Childhood immunisation is an essential right of a child
Public policy is critical in improving this universal right of children
The evening shadows lengthen as 17-year-old Kiran strides confidently onto the narrow street along with the urban ASHA health worker bearing the vaccine carrier. Empowered with knowledge of child rights and the life-saving power of vaccines, Kiran, having grown up without a home herself, is on a mission to find young mothers and infants in her area to ensure that no child is left behind.
On the street corner where the ASHA worker was closing her vaccine carrier and filling in the last of the day’s entries into the register, Kiran helps the young mother understand when the next vaccines are due, and also allays her fears about her baby’s reactions to the shots.
India, where 25 million babies are born every year, has an enormous task when it comes to vaccinating all its children, particularly those who live within marginalised communities. Thousands of youth like Kiran and India’s vast frontline health workforce together form the foot soldiers of India’s approach to bringing vaccines to every child.
The Government of India commendably launched Mission Indradhanush in 2014. The strategy to reach every child was refined in the Intensified Mission Indradhanush programme in 2017 to cover the additional seven million children who were still missing immunisations.
These initiatives have seen an increase in full vaccination coverage among children from 62% in 2015 to 76.4% in 2019. But in 2020, with 3.5 million unvaccinated children during the pandemic, India had one of the highest numbers of unvaccinated children in the world.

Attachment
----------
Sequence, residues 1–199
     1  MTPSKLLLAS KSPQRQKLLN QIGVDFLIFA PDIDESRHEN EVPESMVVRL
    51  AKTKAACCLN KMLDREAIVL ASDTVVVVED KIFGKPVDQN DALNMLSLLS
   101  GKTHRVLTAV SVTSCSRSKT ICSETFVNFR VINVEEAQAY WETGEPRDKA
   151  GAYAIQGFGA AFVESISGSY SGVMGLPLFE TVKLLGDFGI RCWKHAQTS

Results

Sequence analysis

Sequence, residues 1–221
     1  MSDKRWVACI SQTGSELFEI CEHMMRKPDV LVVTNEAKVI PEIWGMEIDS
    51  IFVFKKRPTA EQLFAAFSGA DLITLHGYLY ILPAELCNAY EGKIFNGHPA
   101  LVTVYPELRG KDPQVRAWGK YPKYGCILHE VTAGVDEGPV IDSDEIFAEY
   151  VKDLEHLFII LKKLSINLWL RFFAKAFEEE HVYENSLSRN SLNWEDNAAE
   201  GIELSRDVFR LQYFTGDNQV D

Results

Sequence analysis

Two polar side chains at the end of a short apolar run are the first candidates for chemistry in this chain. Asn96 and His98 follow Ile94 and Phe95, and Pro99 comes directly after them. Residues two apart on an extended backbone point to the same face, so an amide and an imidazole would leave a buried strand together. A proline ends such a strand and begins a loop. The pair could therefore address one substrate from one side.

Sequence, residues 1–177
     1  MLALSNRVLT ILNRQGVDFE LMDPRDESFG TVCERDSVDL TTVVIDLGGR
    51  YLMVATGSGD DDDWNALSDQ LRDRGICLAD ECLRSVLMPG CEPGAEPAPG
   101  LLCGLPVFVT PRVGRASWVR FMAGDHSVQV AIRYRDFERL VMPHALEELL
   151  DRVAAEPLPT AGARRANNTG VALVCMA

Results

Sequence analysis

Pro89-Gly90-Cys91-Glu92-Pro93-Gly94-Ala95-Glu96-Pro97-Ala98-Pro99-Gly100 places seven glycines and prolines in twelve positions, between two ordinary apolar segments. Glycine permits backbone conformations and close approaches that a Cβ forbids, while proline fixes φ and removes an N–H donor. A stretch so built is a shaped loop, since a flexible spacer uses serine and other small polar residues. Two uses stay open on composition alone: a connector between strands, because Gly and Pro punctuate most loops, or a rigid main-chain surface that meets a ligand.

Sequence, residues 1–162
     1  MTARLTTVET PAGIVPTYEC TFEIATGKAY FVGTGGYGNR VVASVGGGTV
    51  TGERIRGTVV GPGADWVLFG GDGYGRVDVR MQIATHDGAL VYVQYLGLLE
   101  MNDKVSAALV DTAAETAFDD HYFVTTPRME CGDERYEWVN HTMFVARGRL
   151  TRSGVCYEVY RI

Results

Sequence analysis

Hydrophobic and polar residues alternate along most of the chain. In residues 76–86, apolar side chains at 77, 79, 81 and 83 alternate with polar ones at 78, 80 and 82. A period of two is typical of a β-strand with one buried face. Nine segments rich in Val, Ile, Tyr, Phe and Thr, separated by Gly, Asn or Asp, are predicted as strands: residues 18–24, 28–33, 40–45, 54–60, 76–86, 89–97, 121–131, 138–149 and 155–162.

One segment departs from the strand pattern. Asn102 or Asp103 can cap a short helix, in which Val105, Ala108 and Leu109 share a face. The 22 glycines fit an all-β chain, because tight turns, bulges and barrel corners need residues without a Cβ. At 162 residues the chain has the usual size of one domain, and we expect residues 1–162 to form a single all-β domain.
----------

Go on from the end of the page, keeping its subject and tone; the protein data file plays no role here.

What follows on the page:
A renewed focus now is the three million children in India who did not receive the first dose of the DTP-1 vaccine, considered as zero dose - the world’s most vulnerable children who are susceptible to illnesses and deaths and are deprived of their right to healthy living.
Can immunisation be considered a child right? India accepted the United Nations Convention on the Rights of the Child (UN-CRC) obligations in 1992. Since then, India has committed to safeguarding the rights of children towards their survival, development, protection and participation.
However, the UN-CRC (Article 24) related to child’s right to health needs adoption and implementation. Globally and within India, there has been little focus on promoting immunisation as a child right. It is time to advance the right to access childhood immunisation services, since this is closely related to primary and preventative healthcare sub-goals within Article 24 of the UNCRC that ensure a child’s right to live a healthy life.